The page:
SAN DIEGO -- Melvin Upton Jr. has been a human highlight reel for the Padres in 2016. But even by his standards, his first two innings in Tuesday night's 11-7 loss to the Orioles were downright spectacular.
Upton led off the bottom of the first inning with a moonshot to straightaway center field, projected by Statcast™ at 465 feet -- the longest home run by a Padre in the Statcast™ era, which began on Opening Day 2015. If was also the eighth longest homer in the big leagues this season.
Then, with one out and a man on first in the second, he made an equally jaw-dropping defensive gem, racing to the center-field wall and robbing J.J. Hardy of a two-run homer, before firing to first base to complete a double play.
"Honestly, that one, I just kind of jumped for it and was surprised it ended up in my glove," Upton said when asked where that play ranks among his all-time favorite catches. "Yeah, [it's] definitely No. 1."
Upton -- who only started in center field because Jon Jay was placed on the disabled list earlier in the day -- tracked the ball beautifully, and timed his jump perfectly. He needed a full extension of his left arm to make the play. According to Statcast™, Upton covered 98 feet to reach the wall, and his throw to first base was clocked at 91.9 mph.
It marked only the third time in the past two seasons that an outfielder has covered 90 feet or more to make a catch before recording a throw of 90 mph or more on the same play. The Twins' Danny Santana and the Cubs' Albert Almora also did so.
"You got to see some plays made, and you go, 'These guys are some kind of talented,'" said Orioles manager Buck Showalter. "What's better, the catch or the throw? Stand out there tomorrow, and see if you can get a ball to be that accurate to first base from that distance -- let alone the catch."
Hardy drove the pitch, a 3-2 fastball from Padres starter Erik Johnson, to the deepest part of the park -- and probably about two or three feet over the center-field wall. In that regard, it could very well have been one of the longest outs in Petco Park's history. Statcast™ projected the ball's distance at 403 feet.
Upton's catch marked the third time this season he's robbed an opponent of a dinger. As a left fielder, he also stole one from the Pirates' Matt Joyce and the Braves' Freddie Freeman.
"I don't think people realize: He didn't move to left field because he lost the ability to play center field," said Padres skipper Andy Green. "He moved to left field, because we have two true center fielders out there. He's been a real asset in left field, so sliding him back to center is not a stretch at all."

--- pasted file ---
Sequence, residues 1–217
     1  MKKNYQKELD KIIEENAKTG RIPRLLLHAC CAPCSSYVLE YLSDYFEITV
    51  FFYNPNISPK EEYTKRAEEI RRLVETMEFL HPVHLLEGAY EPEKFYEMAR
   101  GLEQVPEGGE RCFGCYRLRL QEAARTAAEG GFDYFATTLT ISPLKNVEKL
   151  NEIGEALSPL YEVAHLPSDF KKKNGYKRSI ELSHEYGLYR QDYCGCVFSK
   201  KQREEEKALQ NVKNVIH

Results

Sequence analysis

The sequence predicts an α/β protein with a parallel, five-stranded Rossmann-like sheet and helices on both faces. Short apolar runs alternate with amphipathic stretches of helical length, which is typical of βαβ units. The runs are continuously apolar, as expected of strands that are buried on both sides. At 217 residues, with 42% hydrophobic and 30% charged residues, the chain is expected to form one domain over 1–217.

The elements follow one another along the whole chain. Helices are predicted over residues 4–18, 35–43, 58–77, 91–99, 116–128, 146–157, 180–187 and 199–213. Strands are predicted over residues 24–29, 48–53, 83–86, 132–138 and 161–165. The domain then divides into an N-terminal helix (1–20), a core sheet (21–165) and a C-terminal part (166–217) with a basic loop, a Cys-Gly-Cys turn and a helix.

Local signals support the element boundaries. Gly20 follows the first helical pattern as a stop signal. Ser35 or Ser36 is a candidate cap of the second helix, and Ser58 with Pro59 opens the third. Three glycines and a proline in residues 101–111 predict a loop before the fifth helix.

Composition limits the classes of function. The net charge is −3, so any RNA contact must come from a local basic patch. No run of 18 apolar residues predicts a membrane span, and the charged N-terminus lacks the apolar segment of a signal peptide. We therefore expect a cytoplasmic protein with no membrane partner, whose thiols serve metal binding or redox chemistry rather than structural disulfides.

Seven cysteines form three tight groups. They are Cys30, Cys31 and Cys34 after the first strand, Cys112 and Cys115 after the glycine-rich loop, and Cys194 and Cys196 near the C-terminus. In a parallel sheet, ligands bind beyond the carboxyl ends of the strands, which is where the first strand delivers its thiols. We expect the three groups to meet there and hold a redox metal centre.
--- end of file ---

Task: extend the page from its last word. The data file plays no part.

Entering 2016, Upton hadn't played an outfield position other than center since his rookie season in 2004. He's been brilliant in left this season, with +8 Defensive Runs Saved. But Jay's absence could necessitate a more permanent move to center.
"I've played there my whole career, so going back there wasn't much of a change," Upton said. "Obviously I've been in left all year, but center's a place like riding a bike, I guess."
His home run robbery Tuesday night came on the heels of the mammoth blast -- which ricocheted off the center-field batters' eye on the fly. At Petco Park, that's a spot reserved for the game's best power hitters.
With the 465-foot dinger, Upton passed his brother Justin Upton for the longest homer by a Padres hitter in the Statcast™ era -- and he cleared that mark by seven feet.
An inning later, Upton made sure Hardy wouldn't get in on the fun, and in the process, he added to his already impressive 2016 resume.
Upton has played some brilliant outfield defense, highlighted not only by the three homers he's stolen, but also by his eight outfield assists -- one shy of the National League lead.
Offensively, Upton recorded his 18th steal of the season Tuesday night, and he's also one of just two players in the Majors with two walk-off home runs this year.
"He's been a lot of fun to watch," Green said. "He competes. The walk-offs are exciting, the home-run robs ... and he swipes bags at will. He's doing a heck of a job for us."
AJ Cassavell covers the Padres for MLB.com. Follow him on Twitter @ajcassavell. This story was not subject to the approval of Major League Baseball or its clubs.